The Truman Show (1998)

The Truman Show (1998)
  • Time: 103 min
  • Genre: Comedy | Drama | Sci-Fi
  • Director: Peter Weir
  • Cast: Jim Carrey, Laura Linney, Noah Emmerich, Ed Harris, Paul Giamatti


Truman Burbank is the star of “The Truman Show”, a 24-hour-a-day “reality” TV show that broadcasts every aspect of his life — live and in color — without his knowledge. His entire life has been an unending soap opera for consumption by the rest of the world. And everyone he knows–including his wife and his best friend — is really an actor, paid to be part of his life.


  • “The Truman Show” is a wonderful movie! The ‘Truman’ character interpreted by Jim Carrey is awesomely played and the story is very, very original! The plot really is very intelligent and its a kind of movie that has never seen before and you’ll never forget either. Also Ed Harris’s portrayal of Christof (the creator) is brilliant and he certainly contributes to the brilliant ending! I would recommend this movie to anyone who likes good movies.

  • In a summer of leaping lizards and threatening meteors, there is an oasis and its name is The Truman Show. This is a film that deserves the hallelujahs and hosannas showered upon it; there has not been a film in recent memory that has dared to dream so audaciously and succeeded so victoriously as The Truman Show,uncontestedly the best picture of the year thus far.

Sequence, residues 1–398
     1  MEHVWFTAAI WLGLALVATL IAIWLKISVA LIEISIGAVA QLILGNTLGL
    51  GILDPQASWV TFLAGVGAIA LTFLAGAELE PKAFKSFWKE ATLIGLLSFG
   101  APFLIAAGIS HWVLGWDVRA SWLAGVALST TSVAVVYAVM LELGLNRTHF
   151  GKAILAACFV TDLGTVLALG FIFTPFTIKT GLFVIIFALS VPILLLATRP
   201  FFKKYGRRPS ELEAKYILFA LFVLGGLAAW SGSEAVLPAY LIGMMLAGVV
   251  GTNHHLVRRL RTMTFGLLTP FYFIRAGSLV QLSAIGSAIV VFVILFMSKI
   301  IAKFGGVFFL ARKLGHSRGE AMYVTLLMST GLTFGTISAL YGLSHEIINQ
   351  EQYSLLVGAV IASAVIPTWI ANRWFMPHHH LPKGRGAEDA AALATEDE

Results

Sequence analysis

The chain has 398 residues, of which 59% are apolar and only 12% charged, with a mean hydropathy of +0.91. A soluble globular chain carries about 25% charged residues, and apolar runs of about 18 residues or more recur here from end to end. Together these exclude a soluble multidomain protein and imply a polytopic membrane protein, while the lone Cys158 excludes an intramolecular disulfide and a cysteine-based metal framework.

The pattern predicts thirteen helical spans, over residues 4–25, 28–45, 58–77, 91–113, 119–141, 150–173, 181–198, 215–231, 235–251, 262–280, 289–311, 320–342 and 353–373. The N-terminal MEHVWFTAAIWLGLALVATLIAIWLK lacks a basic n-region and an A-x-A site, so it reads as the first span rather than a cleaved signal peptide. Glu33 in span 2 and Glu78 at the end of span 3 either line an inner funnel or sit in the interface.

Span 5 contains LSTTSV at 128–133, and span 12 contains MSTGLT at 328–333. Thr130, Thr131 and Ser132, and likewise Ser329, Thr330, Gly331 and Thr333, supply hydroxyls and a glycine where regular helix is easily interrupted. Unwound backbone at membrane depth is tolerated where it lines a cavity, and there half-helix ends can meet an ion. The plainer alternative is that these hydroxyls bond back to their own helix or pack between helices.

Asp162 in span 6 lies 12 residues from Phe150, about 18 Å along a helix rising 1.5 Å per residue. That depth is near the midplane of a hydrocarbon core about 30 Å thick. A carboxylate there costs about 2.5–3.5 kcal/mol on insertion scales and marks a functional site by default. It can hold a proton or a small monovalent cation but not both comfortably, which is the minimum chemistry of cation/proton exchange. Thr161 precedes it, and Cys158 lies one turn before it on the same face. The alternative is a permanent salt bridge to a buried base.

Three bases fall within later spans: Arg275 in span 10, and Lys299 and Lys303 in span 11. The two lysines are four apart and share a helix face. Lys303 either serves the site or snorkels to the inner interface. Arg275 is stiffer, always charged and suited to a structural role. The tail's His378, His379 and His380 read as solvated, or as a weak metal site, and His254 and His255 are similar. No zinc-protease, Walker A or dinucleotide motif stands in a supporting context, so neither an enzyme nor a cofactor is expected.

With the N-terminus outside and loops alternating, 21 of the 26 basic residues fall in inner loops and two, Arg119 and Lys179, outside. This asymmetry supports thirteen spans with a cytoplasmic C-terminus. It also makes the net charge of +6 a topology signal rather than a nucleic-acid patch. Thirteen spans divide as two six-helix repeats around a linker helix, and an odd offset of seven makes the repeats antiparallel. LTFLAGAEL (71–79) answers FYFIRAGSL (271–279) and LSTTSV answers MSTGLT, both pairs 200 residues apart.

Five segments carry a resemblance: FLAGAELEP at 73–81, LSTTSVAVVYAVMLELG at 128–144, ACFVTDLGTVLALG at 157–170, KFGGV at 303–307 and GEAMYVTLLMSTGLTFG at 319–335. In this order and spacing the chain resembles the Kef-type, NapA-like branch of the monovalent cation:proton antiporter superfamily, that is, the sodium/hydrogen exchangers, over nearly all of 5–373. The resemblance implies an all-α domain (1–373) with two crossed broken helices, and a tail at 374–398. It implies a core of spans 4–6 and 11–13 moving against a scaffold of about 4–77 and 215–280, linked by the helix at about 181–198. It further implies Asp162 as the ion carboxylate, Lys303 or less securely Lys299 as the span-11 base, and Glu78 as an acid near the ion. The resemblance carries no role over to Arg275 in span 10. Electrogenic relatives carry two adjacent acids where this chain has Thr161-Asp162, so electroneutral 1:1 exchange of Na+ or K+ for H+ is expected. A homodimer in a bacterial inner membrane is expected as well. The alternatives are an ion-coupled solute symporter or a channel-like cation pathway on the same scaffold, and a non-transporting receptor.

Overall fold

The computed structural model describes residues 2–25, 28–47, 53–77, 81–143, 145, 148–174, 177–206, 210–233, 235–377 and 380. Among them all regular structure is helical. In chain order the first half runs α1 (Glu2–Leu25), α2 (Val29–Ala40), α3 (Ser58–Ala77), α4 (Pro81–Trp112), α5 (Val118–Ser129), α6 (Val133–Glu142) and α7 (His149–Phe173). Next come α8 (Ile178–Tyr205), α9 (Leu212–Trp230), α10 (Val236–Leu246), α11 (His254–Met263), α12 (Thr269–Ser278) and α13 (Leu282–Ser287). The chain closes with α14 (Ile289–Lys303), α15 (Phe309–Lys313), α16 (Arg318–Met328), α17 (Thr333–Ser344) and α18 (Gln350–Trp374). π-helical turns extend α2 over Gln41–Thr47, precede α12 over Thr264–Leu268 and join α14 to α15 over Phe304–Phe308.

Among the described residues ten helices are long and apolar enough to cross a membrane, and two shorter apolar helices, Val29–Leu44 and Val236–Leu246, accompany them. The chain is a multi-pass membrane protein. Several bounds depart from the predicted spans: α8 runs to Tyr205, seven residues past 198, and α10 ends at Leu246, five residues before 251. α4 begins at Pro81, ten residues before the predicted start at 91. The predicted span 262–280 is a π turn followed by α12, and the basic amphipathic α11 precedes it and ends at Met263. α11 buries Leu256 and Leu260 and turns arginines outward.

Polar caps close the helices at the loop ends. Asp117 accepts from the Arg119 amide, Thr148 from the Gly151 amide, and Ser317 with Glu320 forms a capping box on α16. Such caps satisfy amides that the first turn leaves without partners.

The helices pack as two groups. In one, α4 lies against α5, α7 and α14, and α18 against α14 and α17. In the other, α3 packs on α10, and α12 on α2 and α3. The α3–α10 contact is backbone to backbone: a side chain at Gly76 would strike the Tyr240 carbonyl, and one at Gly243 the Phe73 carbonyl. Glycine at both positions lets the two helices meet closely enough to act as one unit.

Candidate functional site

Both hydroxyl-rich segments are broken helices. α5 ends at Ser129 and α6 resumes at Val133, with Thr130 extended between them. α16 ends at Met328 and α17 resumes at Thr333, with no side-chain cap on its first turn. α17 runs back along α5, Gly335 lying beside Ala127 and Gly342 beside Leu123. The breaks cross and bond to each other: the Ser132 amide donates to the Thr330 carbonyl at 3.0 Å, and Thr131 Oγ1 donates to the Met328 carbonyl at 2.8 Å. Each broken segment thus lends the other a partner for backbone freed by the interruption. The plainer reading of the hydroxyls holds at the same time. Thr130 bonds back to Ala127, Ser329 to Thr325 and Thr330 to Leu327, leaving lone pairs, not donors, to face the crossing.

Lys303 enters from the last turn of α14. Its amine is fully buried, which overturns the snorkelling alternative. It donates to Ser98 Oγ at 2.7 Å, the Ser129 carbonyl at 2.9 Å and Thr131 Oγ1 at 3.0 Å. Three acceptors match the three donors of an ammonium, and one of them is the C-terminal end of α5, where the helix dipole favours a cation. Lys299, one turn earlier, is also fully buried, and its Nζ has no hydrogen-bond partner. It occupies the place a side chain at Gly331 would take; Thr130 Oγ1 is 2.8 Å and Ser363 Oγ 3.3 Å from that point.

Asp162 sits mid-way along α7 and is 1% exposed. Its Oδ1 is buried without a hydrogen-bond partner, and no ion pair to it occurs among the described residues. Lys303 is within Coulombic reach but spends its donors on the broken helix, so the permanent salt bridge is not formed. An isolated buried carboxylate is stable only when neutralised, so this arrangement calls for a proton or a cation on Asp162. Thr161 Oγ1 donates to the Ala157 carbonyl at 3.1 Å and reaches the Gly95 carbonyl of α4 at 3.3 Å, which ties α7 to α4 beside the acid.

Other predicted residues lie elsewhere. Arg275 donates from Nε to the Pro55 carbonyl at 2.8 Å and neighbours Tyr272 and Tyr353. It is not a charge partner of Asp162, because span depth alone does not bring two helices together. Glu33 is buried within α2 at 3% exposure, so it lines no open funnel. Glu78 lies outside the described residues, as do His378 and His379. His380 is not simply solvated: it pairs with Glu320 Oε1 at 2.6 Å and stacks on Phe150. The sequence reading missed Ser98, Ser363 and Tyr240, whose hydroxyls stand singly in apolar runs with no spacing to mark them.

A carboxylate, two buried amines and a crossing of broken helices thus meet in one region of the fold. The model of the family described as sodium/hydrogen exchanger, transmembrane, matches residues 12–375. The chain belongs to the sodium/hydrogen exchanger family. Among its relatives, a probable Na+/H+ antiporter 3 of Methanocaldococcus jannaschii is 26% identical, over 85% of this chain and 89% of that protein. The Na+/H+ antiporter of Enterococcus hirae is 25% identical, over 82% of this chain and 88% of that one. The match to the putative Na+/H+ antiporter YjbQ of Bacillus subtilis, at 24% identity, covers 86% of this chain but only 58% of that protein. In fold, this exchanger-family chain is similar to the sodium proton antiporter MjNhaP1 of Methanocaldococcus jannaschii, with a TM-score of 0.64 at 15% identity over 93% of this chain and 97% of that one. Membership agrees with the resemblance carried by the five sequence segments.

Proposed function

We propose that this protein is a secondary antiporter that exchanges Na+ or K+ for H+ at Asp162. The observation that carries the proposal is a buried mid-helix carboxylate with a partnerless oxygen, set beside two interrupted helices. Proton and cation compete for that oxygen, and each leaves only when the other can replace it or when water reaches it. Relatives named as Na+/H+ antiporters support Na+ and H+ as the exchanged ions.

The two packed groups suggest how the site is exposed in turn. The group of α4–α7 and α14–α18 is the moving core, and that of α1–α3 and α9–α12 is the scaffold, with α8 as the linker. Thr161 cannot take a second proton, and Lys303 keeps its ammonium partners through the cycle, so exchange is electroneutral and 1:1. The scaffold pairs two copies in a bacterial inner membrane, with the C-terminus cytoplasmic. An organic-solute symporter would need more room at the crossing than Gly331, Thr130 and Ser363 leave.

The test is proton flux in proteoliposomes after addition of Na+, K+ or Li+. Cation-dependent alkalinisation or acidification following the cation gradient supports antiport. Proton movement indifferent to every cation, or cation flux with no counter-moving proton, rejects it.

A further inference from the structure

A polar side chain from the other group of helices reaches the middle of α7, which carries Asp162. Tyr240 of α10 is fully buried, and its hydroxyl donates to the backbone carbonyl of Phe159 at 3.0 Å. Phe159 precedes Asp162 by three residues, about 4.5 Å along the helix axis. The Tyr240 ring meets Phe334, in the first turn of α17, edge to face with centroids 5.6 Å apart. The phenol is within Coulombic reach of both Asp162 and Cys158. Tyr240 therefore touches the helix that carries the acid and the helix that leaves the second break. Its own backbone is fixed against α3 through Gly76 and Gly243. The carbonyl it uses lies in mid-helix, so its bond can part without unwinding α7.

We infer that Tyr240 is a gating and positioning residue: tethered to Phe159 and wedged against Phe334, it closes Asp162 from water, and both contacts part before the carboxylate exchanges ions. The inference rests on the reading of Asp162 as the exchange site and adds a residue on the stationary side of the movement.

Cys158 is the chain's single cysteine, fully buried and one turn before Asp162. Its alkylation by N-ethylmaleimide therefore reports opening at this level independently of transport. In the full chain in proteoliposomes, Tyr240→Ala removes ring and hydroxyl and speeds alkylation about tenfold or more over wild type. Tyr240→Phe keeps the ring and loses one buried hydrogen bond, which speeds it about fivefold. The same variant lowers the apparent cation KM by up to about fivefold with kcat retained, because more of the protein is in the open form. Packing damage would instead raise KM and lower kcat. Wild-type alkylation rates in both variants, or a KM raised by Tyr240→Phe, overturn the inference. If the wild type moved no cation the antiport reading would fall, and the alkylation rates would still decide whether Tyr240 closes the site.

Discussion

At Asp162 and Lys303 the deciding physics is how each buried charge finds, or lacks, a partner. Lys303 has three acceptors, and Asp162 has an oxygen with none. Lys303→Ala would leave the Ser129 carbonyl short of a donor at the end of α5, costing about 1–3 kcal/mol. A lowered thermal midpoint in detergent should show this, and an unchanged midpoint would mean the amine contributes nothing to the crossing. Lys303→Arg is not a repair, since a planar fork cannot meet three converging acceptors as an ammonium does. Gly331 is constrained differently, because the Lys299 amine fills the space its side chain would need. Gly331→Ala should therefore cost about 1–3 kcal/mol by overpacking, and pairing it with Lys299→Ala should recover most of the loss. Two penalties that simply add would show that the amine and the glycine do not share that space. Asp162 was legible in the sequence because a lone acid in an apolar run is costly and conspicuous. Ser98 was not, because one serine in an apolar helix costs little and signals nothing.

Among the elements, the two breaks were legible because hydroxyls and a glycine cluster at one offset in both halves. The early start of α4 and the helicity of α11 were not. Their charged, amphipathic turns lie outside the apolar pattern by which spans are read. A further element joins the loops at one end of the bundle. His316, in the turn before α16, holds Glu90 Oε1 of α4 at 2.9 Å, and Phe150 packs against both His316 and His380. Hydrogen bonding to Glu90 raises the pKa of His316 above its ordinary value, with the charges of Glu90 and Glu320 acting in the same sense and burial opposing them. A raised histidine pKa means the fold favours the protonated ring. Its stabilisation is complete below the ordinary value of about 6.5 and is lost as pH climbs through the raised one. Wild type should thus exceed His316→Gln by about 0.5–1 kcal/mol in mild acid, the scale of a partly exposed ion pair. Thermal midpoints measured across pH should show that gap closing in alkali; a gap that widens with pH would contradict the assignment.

Much has already been made of Jim Carrey’s bid for dramatic credibility. A maniacally exhibitionistic performer on and off the screen, Carrey has established himself as the rubber-faced, contortionist master of puerile humor in such films as Ace Ventura: Pet Detective and Dumb and Dumber. His deviance from the formula, The Cable Guy, was misleadingly deemed a failure and is used by Hollywood as evidence of the audience’s unwillingness to accept Carrey as anything other than a wild and crazy guy. Let’s debunk this myth: first of all, The Cable Guy was not a failure; its $60-80 million domestic gross may not have been as stellar as Carrey’s other films (most of which have generated over $100 million in box-office receipts) but that hardly qualifies it as a flop. Secondly, and most importantly, it was a dark farce improperly marketed as a Jim Carrey vehicle. Thirdly, it was the first film for which Carrey was paid $20 million, an added onus for both film and star. Was The Cable Guy such a stretch anyway? No, if anything, it was an extension of Batman and Robin’s The Riddler. It was also a welcome return to the deliciously malevolent streak he displayed on the television sketch show, In Living Color.

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